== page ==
If we had gotten there earlier, we might have been able to take a horse-drawn wagon ride, but there’s only so much you can fit into one day. Supper was brisket, sausage, potatoes, beans, and flying biscuits (catch!). There was a break between dinner and the show, so I stepped outside.
As a windmill spun slowly and the sun set, I reveled in the silence. We hadn’t been around a lot of people in the past week, and suddenly we’d had a day filled with them. It had been a delightful day, there was no question about that, but we were a touch oversaturated. I breathed in, out, and was ready to sit back and enjoy the show.
There were lots of cowboy standards, of course, and kids in the audience joined the band on stage for a rendition of “Deep in the Heart of Texas.” The music was what you’d expect at a western show. The quality, however, was unexpected.
The fiddler, Jenny Bowen Clayton, played violin with the Wichita Symphony Orchestra. Orin Friesen was a member of the Kansas Cowboy Hall of Fame, the Kansas Bluegrass Hall of Fame and America’s Old-Time Country Music Hall of Fame. Jesse Friesen owned a professional recording studio, and Ranger Stan Greer has won the Kansas State Mandolin Championship. Together, these four make up the Prairie Rose Rangers, and their musicality was a pleasant surprise.
Jim, who’s a classically trained singer with a Masters in Vocal Pedagogy, was very impressed. That doesn’t happen often.
In between songs the show was sprinkled with jokes and plugs for their items in the mercantile. The latter came a little too frequently, but the overall sense was that this was a group that loved what they were doing, and the friends and families in attendance did, too.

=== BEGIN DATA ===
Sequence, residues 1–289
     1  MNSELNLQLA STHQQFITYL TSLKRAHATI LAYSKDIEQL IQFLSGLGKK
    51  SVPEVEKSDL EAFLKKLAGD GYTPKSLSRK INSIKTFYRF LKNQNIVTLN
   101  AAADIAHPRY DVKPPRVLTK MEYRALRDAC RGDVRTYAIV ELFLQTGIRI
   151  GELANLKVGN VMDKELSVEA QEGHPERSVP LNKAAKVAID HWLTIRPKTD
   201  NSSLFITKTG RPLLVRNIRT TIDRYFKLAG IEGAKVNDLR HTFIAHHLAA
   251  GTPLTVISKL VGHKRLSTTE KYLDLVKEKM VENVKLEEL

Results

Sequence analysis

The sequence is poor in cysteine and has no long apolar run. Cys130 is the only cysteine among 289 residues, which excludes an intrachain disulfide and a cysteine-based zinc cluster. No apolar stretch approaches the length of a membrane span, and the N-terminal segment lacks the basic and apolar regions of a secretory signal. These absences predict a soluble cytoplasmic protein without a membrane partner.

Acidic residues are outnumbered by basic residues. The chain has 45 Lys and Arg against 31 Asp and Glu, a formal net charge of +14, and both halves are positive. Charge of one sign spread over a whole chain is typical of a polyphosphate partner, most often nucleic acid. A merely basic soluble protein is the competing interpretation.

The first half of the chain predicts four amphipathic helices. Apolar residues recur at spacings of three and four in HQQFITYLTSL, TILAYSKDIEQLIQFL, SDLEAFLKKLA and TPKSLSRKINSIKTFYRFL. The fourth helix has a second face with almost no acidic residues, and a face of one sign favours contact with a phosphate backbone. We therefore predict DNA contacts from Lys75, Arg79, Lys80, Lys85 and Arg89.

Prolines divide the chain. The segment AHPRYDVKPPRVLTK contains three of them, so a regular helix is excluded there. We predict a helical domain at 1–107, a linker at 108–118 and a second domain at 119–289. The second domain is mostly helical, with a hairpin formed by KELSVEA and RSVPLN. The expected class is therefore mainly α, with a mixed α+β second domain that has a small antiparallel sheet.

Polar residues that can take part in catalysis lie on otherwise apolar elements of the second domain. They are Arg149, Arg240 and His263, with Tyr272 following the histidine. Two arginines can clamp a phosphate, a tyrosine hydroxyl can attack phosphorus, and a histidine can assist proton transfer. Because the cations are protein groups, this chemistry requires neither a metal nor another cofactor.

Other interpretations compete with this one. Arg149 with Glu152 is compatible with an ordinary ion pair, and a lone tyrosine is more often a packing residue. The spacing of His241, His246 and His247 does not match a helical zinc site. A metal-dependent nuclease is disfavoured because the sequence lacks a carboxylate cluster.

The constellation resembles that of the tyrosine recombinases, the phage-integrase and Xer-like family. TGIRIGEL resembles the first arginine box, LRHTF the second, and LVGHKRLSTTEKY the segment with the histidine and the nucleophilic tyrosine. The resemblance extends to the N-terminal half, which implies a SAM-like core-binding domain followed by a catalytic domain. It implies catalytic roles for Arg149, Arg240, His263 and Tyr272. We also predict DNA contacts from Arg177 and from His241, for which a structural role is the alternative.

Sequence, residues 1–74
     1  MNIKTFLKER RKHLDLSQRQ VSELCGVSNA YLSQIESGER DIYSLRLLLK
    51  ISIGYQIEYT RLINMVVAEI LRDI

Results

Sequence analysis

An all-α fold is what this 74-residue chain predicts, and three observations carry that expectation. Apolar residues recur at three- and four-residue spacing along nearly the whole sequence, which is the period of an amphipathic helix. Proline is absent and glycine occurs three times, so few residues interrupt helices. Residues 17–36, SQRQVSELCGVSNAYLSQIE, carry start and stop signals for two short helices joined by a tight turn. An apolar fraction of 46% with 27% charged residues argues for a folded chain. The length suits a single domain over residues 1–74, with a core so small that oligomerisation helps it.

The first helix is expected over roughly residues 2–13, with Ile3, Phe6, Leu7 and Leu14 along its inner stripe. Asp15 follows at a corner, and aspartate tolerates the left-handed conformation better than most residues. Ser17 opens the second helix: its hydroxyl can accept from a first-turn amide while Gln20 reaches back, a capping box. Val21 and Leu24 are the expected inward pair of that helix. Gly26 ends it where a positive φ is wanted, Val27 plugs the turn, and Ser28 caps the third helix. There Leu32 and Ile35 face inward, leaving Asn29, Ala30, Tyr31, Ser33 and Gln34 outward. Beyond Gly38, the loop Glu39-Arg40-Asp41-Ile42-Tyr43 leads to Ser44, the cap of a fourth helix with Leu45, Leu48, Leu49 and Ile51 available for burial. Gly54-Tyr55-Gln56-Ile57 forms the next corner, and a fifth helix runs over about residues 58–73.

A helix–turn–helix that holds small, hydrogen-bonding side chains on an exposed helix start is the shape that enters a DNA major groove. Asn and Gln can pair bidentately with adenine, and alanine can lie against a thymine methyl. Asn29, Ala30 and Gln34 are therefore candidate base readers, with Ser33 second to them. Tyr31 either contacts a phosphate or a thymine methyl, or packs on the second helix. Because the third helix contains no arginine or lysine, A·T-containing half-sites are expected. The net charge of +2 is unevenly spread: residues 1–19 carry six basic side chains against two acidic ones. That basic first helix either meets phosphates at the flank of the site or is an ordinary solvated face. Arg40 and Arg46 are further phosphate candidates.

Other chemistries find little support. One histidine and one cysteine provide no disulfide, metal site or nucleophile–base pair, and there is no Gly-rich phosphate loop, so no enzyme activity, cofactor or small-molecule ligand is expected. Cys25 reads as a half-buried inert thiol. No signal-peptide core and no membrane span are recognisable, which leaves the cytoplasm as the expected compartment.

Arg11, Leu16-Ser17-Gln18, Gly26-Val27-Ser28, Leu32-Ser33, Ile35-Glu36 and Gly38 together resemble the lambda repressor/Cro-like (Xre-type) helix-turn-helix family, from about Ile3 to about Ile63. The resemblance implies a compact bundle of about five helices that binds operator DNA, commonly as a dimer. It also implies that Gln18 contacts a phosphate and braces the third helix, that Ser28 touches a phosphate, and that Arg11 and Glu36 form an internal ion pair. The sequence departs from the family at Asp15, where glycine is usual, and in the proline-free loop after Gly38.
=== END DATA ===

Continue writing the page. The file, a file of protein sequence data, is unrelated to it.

The next morning was almost painfully early, even though we didn’t get back on the road until nine. Here we were in this gorgeous hotel room, overlooking the on-site pond, with a beautiful marble bathroom and a bed like a cloud and we’d spent just enough time in it to sleep. It was a shame.
But we had our longest day of driving ahead of us, although we didn’t know it yet. We just knew we had a couple of more stops to make in Wichita before driving through the Flint Hills to Tallgrass Prairie.
Our first stop was breakfast at R Coffee House in the Riverside neighborhood. We pulled up to what’s been called the “Coolest Corner in Wichita” and entered an eclectic shop. The sign on the door said “Support Your Local Anything.”
Inside I ordered coffee sourced from PT’s out of Topeka, which is a direct trade-only roaster, “because it’s the right thing to do.” More local art hung from their walls, and handmade soap from Flying Pig was offered. The soap bars had names like Raspberry Rush, Citrus Cedar, and Sleepy Time. Jim was particularly amused by the bar of olive oil and shea butter – called Monkey Farts.
We each ordered a breakfast sandwich, figuring that would be the easiest thing to take on the road. It was the best freaking breakfast sandwich we have ever had in our entire lives. We’d take a bite and then mumble “oh my – what the – how do they” before scarfing down another mouthful. It must have been the local eggs ham spinach ciabatta.
If this is what “Support Your Local Anything” means in Wichita, then I completely and fully support their local.
Our final, final stop in Wichita was the Nifty Nut House. This was a candy, sweet, and nut emporium that put Eddie’s World in Nevada to shame, mainly because Nifty was actually affordable.
There were raw nuts, roasted nuts, maple covered, milk chocolate covered, dark chocolate covered, white chocolate covered, yogurt covered, cinnamon covered. It was nuts! You could buy pre-packaged or in bulk, and they had all of the other candy you could hope for (except for Tangy Taffy or Big Hunk).
Since it was close to Easter there was a whole room full of baskets. I’d almost be afraid to walk in there around Halloween.
It was hard to tear ourselves away, but we did, with only one bag of goodies in hand, which was just enough to get us to the Flint Hills and Tallgrass Prairie National Preserve.
Previously published with modifications at Things to do in Wichita, Kansas